By Adam Varenhorst
Although recent temperatures have been above normal, we did experience cool conditions for most of the spring. The cooler conditions slowed the development of many insect pests, but some species thrive in cool conditions. One of those species are pea aphids, which are a pest of many plants, including alfalfa. Recent reports have indicated that pea aphid populations are very large in some alfalfa fields and should continue to be monitored and possibly managed (Figure 1). When pea aphid populations exceed thresholds, yield reductions are possible. There are many natural enemies or predators that are attracted to fields with pea aphid infestations. In alfalfa, these include multiple species of lady beetles, minute pirate bugs, green lacewing larvae, damsel bugs, and hoverfly larvae. These insects can be efficient at managing pea aphid populations. However, during optimal weather conditions (around 70°F) pea aphid populations can increase rapidly making it necessary to manage them using insecticides. With the potential for cooler weather next week, it is possible that the pea aphid populations could continue to grow rapidly.
Figure 1. Large amount of pea aphids and alfalfa weevils on windrower after cutting alfalfa.
Pea Aphid Description
Pea aphid nymphs and adults vary in size, but adults are approximately 1/8 to 1/4 of an inch in length making them noticeably larger than other aphids species present on alfalfa. The nymphs and adults are generally light green-yellow or dark green in color. However, it is possible to observe pea aphids that are a pale pink color. Pea aphids have long cornicles (tailpipes) that are noticeably darker at the tips. A characteristic that is useful for identifying pea aphids is the dark bands present on their antennae (Figure 2). Pea aphids also have red eyes that can be useful for identification purposes (Figure 3). They tend to colonize alfalfa throughout the entire season, but their population growth is reduced when temperatures exceed 90°F.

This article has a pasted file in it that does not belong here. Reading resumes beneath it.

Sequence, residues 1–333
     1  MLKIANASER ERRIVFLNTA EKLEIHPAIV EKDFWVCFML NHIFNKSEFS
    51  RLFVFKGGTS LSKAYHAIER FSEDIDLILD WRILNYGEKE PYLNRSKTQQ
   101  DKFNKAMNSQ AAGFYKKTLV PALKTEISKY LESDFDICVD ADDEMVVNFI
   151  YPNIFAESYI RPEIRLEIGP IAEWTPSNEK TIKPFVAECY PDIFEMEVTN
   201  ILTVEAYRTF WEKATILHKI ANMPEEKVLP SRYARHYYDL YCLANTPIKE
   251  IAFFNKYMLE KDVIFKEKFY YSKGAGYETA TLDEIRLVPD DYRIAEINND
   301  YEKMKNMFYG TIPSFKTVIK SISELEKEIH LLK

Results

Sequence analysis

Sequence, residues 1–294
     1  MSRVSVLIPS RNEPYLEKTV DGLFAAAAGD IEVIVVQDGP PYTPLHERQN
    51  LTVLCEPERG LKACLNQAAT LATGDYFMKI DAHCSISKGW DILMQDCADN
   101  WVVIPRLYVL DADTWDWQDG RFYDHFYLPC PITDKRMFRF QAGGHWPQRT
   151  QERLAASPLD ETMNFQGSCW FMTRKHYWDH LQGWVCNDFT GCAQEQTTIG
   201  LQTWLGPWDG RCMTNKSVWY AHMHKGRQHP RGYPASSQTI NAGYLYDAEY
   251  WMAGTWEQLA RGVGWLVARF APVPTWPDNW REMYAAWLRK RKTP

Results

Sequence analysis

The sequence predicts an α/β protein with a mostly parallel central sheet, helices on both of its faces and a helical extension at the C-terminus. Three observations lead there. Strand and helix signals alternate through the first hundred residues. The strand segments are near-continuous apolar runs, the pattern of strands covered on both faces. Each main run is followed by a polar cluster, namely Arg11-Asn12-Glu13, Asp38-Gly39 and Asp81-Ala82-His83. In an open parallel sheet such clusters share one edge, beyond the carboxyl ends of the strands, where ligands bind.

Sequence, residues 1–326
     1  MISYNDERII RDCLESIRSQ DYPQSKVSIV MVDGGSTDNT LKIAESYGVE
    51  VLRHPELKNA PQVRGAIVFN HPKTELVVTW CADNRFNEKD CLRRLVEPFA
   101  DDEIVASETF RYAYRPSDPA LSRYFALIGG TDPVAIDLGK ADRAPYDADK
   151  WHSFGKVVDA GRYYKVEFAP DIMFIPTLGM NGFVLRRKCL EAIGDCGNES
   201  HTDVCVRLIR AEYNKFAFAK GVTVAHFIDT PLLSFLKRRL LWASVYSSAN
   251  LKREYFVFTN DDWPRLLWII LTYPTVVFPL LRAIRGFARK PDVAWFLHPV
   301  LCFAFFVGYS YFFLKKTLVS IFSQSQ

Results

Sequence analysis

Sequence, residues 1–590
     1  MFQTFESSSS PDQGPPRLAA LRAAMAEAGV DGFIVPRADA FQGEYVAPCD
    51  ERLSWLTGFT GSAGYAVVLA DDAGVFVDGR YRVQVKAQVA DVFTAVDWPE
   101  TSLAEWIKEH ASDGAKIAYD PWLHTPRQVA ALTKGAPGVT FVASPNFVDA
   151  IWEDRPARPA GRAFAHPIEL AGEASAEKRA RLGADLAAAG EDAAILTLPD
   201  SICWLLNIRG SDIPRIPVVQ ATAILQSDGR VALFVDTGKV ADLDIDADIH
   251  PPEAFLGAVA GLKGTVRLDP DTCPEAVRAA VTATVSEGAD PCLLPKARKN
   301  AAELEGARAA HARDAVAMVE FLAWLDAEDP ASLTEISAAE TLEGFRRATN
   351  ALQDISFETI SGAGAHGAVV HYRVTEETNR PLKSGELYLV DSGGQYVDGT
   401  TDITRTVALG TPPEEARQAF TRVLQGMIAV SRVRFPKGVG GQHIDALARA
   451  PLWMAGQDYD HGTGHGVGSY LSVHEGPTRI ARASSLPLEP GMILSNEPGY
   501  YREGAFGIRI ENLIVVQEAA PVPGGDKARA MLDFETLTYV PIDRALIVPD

Pea aphid colonies tend to occur on alfalfa stems and the newest leaves. When large populations are present on a plant the leaves of the alfalfa may turn yellow, and the plant may also be stunted due to the nutrient loss caused by pea aphid feeding. This type of injury is generally associated with populations of pea aphids that exceed 50 aphids per stem, which would be a very noticeable infestation.
Figure 2. Pea aphid top view. Notice the dark tips on the “tail pipes.”
Pea Aphid Scouting and Management Guidelines
Generally, pea aphid populations are not much of a problem, though it is common to see some population growth after the application of insecticides if aphids were not present at spraying. This occurs because insecticide sprays remove natural enemies that may be keeping pea populations low. In addition, reports of pyrethroid insecticide failures for pea aphid management have occurred in South Dakota. To stay ahead of pea aphid populations, alfalfa should be scouted on a weekly basis throughout the season to ensure that populations do not exceed the recommended thresholds (Table 1). To scout for pea aphids in alfalfa, either a sweep net or direct stem counts can be used.
Figure 3. Pea aphid side view. Notice the red eyes.
If using a sweep net to sample, conduct 30 pendulum swings for each leg of a “W” or “Z” pattern while walking in the field. Count the number of each species present after every 30 swings and calculate averages. Repeat this process in an additional area of the field to determine field infestation levels.
If using the direct stem counts collect a total of thirty stems while also walking in a “W” or “Z” pattern. For each stem carefully cut it near the soil surface, and shake it into a white bucket, then count the total number of aphids per stem and calculate an average for the field.
No matter which method you use, while walking through the field pay attention to the presence and abundance of natural enemy species. If numerous natural enemies are also collected in the sweep net or observed while walking, insecticide management may not be necessary depending on the aphid populations and daily average air temperatures. However, if thresholds are exceeded a list of insecticides that are currently labeled for aphid management in alfalfa can be found in the latest South Dakota Pest Management Guide: Alfalfa and Oilseeds.
TABLE 1. ECONOMIC THRESHOLDS FOR AVERAGE PEA APHIDS IN ALFALFA PER 30 SWEEPS OR 30 STEMS.
| ||Average Number of Pea Aphids Found|
|Less than 10” tall||300||40|
|More than 10” tall||400||75|
Source : sdstate.edu